Why you should care

Ranking their own situation red, green or amber gives families the agency to pull themselves out of poverty. 

Over midafternoon coffees and Fantas, Robyn-Lee Abrahams and Joyce Paulse — employees at my local supermarket in Cape Town, South Africa — tell me how their lives have changed in the past 18 months. “I never dreamed my daughter would go to college,” says Paulse. “But yesterday we went online together and started filling in the forms.”

Abrahams notes how she used to live hand to mouth. “But now I’ve got a savings account, which I haven’t ever touched.” The sacrifice? “I eat less chocolate now.”

Paulse and Abrahams are just two of thousands of beneficiaries of the Poverty Stoplight, a self-evaluation tool that’s now redefining poverty in countries as diverse as Argentina and the U.K.; Mexico and Tanzania; Chile and Papua New Guinea. By getting families to rank their own economic condition red, yellow or green based upon 50 indicators, the Poverty Stoplight gives families the agency to pull themselves out of poverty and offers organizations insight into whether their programs are working.

Social entrepreneur Martín Burt, who founded Fundación Paraguaya 33 years ago to promote entrepreneurship and economic empowerment in Paraguay, developed the first, paper-based prototype of the Poverty Stoplight in 2010 to help the organization’s microfinance clients escape the poverty cycle.

Instead of aggregating data for decision-makers at the top, we do it for decision-makers at the bottom.

Martín Burt, developer of Poverty Stoplight

In recent years, the tool — which remains fundamentally unchanged — has started to spread across the globe with a presence in about 30 countries. The Argentina hub — launched by Eleonora Antar of Fundación Irradia in 2016 — has thus far supplied the tool to 25 Argentine rural and urban nongovernmental organizations by more effectively mapping needs, she says. South Africa’s Poverty Stoplight version already has 52 partner organizations. And in 2017, the U.N. highlighted the tool as one of 11 solutions advancing that organization’s Sustainable Development Goals. In every country, the Poverty Stoplight maintains its fundamental difference from other poverty reduction efforts. Its results aren’t targeted at policymakers (although they can be invaluable to them). Instead, it’s a self-help tool that serves socioeconomically vulnerable communities and the organizations working with them.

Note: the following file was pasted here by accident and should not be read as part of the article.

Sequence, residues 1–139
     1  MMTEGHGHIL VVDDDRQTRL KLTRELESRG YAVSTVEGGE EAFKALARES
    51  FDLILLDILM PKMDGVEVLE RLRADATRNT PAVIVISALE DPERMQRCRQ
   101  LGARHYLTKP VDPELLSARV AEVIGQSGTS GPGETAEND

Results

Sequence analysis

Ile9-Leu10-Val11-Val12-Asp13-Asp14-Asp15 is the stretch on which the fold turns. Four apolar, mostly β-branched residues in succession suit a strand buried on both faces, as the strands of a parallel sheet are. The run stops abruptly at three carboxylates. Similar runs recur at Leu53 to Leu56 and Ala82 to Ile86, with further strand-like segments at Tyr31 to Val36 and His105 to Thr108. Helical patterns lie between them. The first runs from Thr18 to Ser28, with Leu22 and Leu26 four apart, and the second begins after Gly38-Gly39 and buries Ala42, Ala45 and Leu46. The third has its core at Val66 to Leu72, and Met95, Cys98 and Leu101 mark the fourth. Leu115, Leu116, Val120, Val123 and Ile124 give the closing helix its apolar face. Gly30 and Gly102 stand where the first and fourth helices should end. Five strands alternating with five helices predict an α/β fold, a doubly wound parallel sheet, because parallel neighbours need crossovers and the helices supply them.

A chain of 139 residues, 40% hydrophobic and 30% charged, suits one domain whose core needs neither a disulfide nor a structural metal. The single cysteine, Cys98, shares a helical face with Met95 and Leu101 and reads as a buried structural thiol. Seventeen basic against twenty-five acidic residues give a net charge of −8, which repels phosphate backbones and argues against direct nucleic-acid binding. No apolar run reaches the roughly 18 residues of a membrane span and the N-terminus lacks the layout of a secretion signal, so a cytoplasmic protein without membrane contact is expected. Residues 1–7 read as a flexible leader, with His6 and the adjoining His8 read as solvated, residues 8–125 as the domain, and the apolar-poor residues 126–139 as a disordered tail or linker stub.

“Instead of aggregating data for decision-makers at the top, we do it for decision-makers at the bottom,” says Burt.

stoplight poverty

Because poverty is multidimensional, “you can have a family with a proper toilet but no savings,” points out Burt. Determining questionnaires span six different aspects of people’s lives, including softer indicators such as community involvement, self-confidence and family violence. The survey, a series of 50 multiple-choice questions with visual cues, is aimed at households, not individuals, because “you cannot get a 10-year-old girl out of poverty in isolation,” says Burt. Confidentiality is another critical component.

Administering the survey on paper is tough, and Burt experienced a “mutiny” from his facilitators soon after starting out. He got pro bono assistance from Hewlett-Packard to digitize the tool. This allowed him to share the Poverty Stoplight with others around the world — among them Tracey Chambers from The Clothing Bank (TCB) in South Africa. She, in turn, introduced it to Laura Bergh, an innovator who, in close conjunction with TCB, pioneered a membership model for South Africa through which partners agree to share data with one another to ensure that mistakes are not repeated. “We recognized the incredible opportunity to create a community of sharing where organizations leapfrogged off each other’s learnings,” says Bergh.